Online food delivery menus lack nutritional information, study claims

Posted: 15 April 2024 | | No comments yet

Researchers from the University of Sydney have found that menu items on major online food delivery outlets are “missing nutritional information”.

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In a study analysing online food delivery outlet menus in Australia, researchers from the University of Sydney have found that “most advertised items are missing nutritional information that would otherwise help consumers make healthy choices”. 

Back in 2011, the New South Wales Menu Labelling Scheme was introduced, which requires large fast-food outlets to display both the average energy content (as Kilojoules) on menu items and the reference statement ‘the average daily energy intake is 8700 kJ’ at point of sale.

In fact, the kilojoule value must be next to the price of each item on menus: in store, at drive throughs, on internet ordering sites, and distributed via letterboxes. This Scheme applies to franchises or chains with more than 20 locations in the state of New South Wales or 50 locations nationally.

However, the latest study’s findings show information is “largely absent or poorly provided on online food retail platforms and menu labelling laws need to keep up with increasing demand of online food delivery services”.

To carry out the study, the research team randomly selected 10 suburbs across Sydney and review 43 unique large food outlets on online food delivery services. In total, 482 menus from UberEats, Menulog and Deliveroo were reviewed.

Results found that “less than six percent of menus of food outlets on third party online food delivery applications (apps) such as UberEats, Menulog and Deliveroo had complete kilojoule labelling (where all items on the menu had kilojoule labelling)”.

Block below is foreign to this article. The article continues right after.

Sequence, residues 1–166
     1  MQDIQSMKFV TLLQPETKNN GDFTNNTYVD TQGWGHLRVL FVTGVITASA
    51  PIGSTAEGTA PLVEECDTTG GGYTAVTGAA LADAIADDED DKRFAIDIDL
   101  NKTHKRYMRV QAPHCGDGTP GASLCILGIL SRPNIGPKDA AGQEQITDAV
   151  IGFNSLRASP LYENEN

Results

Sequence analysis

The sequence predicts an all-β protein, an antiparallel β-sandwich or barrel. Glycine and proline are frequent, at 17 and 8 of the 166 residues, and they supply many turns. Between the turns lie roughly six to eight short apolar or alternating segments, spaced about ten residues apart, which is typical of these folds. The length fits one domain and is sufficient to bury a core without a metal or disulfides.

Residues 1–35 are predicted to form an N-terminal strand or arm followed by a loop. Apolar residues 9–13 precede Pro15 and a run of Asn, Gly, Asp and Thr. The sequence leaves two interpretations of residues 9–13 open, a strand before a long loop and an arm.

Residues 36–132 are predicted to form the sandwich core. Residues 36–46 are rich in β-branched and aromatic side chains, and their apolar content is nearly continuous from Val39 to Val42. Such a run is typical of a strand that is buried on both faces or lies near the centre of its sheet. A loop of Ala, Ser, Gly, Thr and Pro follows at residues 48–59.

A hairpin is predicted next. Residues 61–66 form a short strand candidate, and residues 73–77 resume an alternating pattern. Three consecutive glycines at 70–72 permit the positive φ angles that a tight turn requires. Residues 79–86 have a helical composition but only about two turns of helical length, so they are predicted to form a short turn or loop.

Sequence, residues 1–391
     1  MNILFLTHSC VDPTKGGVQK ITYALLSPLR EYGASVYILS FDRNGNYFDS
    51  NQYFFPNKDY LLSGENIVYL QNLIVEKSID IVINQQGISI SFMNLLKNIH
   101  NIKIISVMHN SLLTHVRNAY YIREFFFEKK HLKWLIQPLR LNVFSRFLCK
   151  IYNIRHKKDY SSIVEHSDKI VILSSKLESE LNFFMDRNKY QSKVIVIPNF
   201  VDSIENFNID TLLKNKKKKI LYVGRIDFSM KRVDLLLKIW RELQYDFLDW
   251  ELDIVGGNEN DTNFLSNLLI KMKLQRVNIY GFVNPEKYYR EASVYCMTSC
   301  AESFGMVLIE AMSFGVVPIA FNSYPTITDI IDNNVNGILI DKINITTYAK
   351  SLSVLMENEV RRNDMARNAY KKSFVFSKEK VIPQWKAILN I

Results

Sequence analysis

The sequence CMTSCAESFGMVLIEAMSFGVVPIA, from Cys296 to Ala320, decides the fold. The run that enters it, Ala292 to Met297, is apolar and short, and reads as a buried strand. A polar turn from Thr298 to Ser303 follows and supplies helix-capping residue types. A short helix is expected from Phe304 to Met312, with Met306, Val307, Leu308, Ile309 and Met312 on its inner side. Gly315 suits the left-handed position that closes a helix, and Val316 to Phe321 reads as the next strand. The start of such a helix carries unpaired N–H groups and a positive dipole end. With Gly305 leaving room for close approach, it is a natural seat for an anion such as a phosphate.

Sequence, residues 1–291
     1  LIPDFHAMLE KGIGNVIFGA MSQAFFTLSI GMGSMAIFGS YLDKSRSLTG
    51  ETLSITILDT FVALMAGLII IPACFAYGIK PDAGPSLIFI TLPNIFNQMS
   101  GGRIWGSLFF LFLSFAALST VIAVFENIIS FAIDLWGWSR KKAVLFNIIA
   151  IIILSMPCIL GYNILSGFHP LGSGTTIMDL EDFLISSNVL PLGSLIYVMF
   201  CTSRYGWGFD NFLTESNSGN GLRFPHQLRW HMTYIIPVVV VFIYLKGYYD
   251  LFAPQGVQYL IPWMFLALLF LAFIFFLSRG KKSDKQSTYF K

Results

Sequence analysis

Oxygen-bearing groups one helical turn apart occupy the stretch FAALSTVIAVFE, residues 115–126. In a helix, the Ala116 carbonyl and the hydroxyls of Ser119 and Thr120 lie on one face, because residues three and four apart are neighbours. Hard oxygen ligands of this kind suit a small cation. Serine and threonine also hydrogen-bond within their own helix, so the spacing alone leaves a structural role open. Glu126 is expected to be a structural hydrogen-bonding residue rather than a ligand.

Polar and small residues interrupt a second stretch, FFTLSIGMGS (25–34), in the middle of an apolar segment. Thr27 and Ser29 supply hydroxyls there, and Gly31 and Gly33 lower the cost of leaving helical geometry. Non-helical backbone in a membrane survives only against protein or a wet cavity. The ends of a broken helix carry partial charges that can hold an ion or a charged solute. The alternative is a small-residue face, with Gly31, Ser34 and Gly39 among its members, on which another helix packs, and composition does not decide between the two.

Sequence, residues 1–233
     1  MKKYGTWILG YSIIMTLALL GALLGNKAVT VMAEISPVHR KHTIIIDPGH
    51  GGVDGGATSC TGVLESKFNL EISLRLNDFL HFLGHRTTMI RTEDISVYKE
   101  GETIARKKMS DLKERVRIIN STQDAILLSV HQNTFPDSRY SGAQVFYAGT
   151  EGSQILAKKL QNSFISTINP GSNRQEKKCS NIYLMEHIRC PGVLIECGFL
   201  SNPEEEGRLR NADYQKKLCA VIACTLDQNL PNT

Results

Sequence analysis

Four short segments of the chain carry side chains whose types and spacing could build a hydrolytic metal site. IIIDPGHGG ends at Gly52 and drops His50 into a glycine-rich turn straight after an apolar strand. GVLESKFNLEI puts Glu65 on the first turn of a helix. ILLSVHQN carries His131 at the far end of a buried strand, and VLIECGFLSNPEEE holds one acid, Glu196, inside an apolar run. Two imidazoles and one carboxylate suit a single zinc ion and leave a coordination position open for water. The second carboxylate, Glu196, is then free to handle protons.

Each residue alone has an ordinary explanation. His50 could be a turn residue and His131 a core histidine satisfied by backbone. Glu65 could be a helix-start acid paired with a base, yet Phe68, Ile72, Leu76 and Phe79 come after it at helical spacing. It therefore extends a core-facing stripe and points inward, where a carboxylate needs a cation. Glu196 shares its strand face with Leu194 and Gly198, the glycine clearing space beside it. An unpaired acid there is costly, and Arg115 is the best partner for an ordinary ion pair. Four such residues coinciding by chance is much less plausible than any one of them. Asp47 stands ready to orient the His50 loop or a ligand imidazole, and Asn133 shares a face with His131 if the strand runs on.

However, since the study was carried out, online food delivery company Deliveroo no longer operates in Australia.  

In addition, the study highlighted “large inconsistencies in kilojoule labeling between different locations for the same franchise store and between the type of delivery service, whether it was in house company owned apps such as Domino’s or third-party delivery services such as Uber Eats

“The results are concerning and highlight the largely unregulated digital environment where young people increasingly use apps to make food purchases,” commented Sisi Jia, lead author and PhD Candidate from the Charles Perkins Centre and Susan Wakil School of Nursing and Midwifery at the University of Sydney.

“Displaying the kilojoule content on a menu item is important to help people make informed health choices. There are multiple studies that show menu labelling having real world impact–- that consumers who were provided with nutritional information selected meals with significantly lower energy content,

Jia went on to state that, although there is an increasing demand for food delivery services, “it is unknown how well menu labelling is implemented by online platforms”.

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“To our knowledge, there are currently no public health policies or nutritional labelling requirements that specifically cover online food delivery platforms,” Jia continued.

Published in the journal Public Health Nutrition, key findings revealed that large food outlets on UberEats, Menulog and Deliveroo were found to have only 4.8 percent, 5.3 percent and 3.6 percent complete nutritional labeling respectively.

In addition 35 percent of large fast-food franchise outlets on company apps such as MyMaccas had complete kilojoule labelling. Meanwhile over 75 percent of menu items from mid-sized food outlets could be classified as ‘unhealthy’ under independent guidelines although exempt from providing nutritional information under current laws.

To reflect increased demand and usage of online food delivery systems, the researchers say that the current NSW menu labelling laws “were written with traditional food environments in mind and need to be updated.

“The inconsistent kilojoule labelling on online food delivery services, shows we need swift and clear leadership on how the NSW Menu Labelling scheme and any future schemes are applied on online food retail platforms,” added Dr Stephanie Partridge from the Charles Perkins Centre and Susan Wakil School of Nursing and Midwifery.

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